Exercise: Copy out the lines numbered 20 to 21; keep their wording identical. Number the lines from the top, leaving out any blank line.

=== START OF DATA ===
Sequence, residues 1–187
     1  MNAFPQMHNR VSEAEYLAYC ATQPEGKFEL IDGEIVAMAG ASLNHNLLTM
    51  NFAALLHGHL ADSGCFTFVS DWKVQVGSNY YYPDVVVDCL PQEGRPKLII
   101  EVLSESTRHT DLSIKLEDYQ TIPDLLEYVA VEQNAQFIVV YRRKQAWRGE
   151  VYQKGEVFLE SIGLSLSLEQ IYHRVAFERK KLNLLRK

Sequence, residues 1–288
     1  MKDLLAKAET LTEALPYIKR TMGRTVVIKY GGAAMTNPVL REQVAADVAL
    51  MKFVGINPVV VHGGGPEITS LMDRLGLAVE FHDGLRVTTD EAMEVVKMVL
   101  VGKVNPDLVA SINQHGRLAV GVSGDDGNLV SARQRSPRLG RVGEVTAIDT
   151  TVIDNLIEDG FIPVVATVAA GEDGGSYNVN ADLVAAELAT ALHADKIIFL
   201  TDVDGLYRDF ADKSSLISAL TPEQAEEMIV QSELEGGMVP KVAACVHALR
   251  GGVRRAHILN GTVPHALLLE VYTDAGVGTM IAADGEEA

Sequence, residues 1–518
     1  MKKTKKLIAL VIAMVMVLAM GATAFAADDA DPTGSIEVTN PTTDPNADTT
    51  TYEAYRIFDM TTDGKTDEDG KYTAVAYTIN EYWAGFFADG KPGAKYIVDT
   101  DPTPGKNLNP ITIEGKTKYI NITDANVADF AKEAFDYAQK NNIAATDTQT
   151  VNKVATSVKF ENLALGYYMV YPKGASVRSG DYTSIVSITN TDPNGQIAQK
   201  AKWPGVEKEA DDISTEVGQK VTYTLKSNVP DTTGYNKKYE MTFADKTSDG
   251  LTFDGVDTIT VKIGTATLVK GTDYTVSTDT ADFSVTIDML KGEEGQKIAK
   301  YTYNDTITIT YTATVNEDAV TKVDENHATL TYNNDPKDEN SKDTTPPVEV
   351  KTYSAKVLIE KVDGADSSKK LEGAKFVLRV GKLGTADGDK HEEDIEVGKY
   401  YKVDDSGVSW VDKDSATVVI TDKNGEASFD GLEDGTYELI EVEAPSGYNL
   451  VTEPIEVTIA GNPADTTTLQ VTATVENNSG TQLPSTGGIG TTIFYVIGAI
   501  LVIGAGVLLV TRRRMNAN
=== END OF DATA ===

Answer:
   301  YTYNDTITIT YTATVNEDAV TKVDENHATL TYNNDPKDEN SKDTTPPVEV
   351  KTYSAKVLIE KVDGADSSKK LEGAKFVLRV GKLGTADGDK HEEDIEVGKY